We’ve sourced some of the most interesting and thought-provoking Maria Ressa Quotes. Each of the following quotes is overflowing with creativity, and knowledge.
Technology enabled Rappler’s fast growth starting in 2012, but we were also among the first victims when social media was weaponized in 2016.
So a lie told a million times becomes the truth.
In a war zone you know exactly where the threats are coming from. I plan my way in and we plan our way out and you’re there for a limited period of time.
I’m not a criminal but I’ve been fingerprinted like a criminal.
Press freedom is not just about journalists, right? It’s not just about us, it’s not just about me, it’s not just about Rappler. Press freedom is… the foundation of every single right of every single Filipino to the truth, so that we can hold the powerful to account.
To deal with COVID-19, countries like India, Brazil, Jordan and Thailand are cutting press freedom and freedom of expression. In nations like Israel, South Korea and the U.S., intrusive surveillance has been imposed to track the movement of citizens, at the expense of human rights.
If you can make people believe lies are the facts, then you can control them.
I’m not a critic, I’m a journalist. I’m doing my job holding the government to account.
I’m not a politician; I’m a journalist.
Now technology gives you a chance to help organize. You don’t have to wait for either the inefficiency or the corruption. You don’t have to wait for government. You can actually self-organize and build institutions bottom up.
Truth matters. Checks and balances matter.
I always felt that I wasn’t as American as Americans and then I realised when I got back to the Philippines that I was not Filipino.
Embrace your fear. Imagine what you’re most afraid of, touch it and hold it so that you rob it of its power.
In 14 months, my government, the Philippine 2 government, has filed 11 cases. I posted bail eight times, I’ve been arrested twice in five weeks, detained once, and the only thing I’ve done, my only crime is to be a journalist, to speak truth to power.
I don’t think we have wrapped our heads around how much technology has allowed the manipulation of individuals and democracies.
If you want to rip the heart out of a democracy, you go after the facts. That’s what modern authoritarians do. You lie. All the time. Then, you say it’s your opponents and the journalists who lie.
All through my life, when faced with a difficult decision, I always ask myself – where can I learn more. Make the choice to learn.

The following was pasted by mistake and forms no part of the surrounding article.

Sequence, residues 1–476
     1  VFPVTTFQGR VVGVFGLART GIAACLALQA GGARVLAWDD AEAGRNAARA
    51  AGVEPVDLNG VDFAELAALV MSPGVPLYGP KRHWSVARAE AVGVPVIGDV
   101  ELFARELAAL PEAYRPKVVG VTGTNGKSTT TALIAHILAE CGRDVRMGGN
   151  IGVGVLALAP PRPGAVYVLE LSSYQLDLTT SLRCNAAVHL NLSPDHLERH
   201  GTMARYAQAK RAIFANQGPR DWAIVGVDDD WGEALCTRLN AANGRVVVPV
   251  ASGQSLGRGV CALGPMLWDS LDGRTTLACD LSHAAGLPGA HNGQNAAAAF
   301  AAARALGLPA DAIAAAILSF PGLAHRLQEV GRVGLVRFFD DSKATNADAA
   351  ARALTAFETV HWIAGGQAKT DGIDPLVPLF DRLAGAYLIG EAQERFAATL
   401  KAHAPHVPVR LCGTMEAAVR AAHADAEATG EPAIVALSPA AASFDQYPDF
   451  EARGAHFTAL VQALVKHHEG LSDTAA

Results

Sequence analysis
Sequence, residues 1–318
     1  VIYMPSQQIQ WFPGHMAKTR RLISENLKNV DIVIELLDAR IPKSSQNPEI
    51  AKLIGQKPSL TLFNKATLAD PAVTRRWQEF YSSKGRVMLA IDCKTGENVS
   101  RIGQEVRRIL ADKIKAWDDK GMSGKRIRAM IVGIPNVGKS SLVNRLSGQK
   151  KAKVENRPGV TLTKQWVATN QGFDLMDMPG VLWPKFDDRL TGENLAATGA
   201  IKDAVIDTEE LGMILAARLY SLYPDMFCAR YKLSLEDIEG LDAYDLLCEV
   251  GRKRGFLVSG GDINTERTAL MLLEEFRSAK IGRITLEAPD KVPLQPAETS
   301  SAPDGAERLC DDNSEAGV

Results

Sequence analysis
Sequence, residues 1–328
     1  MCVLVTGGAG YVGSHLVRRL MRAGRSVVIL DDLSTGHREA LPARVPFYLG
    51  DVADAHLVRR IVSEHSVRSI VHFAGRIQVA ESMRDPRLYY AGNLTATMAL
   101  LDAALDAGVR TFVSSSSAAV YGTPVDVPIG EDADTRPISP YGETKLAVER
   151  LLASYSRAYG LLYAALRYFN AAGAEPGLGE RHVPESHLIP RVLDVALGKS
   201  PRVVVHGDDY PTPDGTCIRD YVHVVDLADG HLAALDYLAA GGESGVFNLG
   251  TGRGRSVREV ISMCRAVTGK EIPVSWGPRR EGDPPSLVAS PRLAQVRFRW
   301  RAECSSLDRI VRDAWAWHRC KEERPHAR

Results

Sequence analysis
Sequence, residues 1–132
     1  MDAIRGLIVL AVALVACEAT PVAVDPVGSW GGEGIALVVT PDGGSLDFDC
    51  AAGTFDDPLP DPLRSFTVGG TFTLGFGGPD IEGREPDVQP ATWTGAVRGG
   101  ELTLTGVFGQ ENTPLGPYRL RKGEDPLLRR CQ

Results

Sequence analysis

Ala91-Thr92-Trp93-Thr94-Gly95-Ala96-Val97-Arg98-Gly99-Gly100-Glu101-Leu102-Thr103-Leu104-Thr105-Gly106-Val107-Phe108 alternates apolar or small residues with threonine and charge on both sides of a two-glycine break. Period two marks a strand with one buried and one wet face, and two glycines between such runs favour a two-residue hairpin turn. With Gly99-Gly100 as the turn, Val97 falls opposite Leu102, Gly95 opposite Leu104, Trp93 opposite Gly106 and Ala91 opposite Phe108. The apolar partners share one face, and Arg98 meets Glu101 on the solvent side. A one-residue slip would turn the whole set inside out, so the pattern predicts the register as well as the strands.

What are the values that give meaning? What is the line that you will never cross, because on this side you’re good, and on this side you’re evil.
Then there is my country, the Philippines. President Rodrigo Duterte placed most of the country under a lockdown on the ides of March. Surrounded by men in uniform, he cut public transportation and talked about home quarantine, checkpoints and curfews, but said little about the virus or economic aid for those in need.
Always make the choice to learn. What Princeton taught me was whatever mess you are studying, pull a thread with great persistence ’til you have clarity of thought. Princeton taught me how to solve a problem. How to think – that’s what we pull out of this place.
Any journalist who asked critical questions, anyone on social media who questioned about the extrajudicial killings was bombarded with abuse, threats of violence death threats from trolls and bots and these fake Facebook accounts.
The attacks against me and Rappler began appearing on Facebook in the summer of 2016. A year later President Rodrigo Duterte was repeating them in his State of the Nation address.
A Princeton education sets you up for life: you have learned how to learn, and at a time when technology has changed everything, you will constantly have to learn.
The seed idea for Rappler really is looking at information cascades. If you think about it, the end goal – when I was raising money for Rappler, I didn’t talk about investigative journalism, even though that’s our core.
I run Rappler, an online news site in the Philippines.
Press freedom is the foundation of the rights of all Filipinos to the truth.
I’m banking on the fact that there are still good people in government who will prevent this. I’ve been a journalist for more than 33 years, and at Rappler we refuse to change, I refuse to be bullied.
I would give back every single award to be able to actually do our jobs as journalists without this kind of harassment.
The social media platforms have taken over the distribution of news globally. They treat a lie the same way you would treat a fact.
Investigative journalism is never mass-based; it’s very focused, and you want people who are passionate about it to take it.
We know firsthand how social media and the law have been weaponized against perceived critics of the Duterte administration. We’ve been reporting on it from the start.
The difference between Rappler and other newsgroups in the Philippines is that journalists control Rappler both editorially and commercially. We make decisions that are bad for business but protect the public sphere.
Without facts you can’t have truth.
After I got arrested the Filipino government unshackled me. I knew first-hand how they violated my rights and I could speak about that from experience.
Let me go back to a fundamental thing we all used to agree on: information is power. That’s why we became journalists in the first place.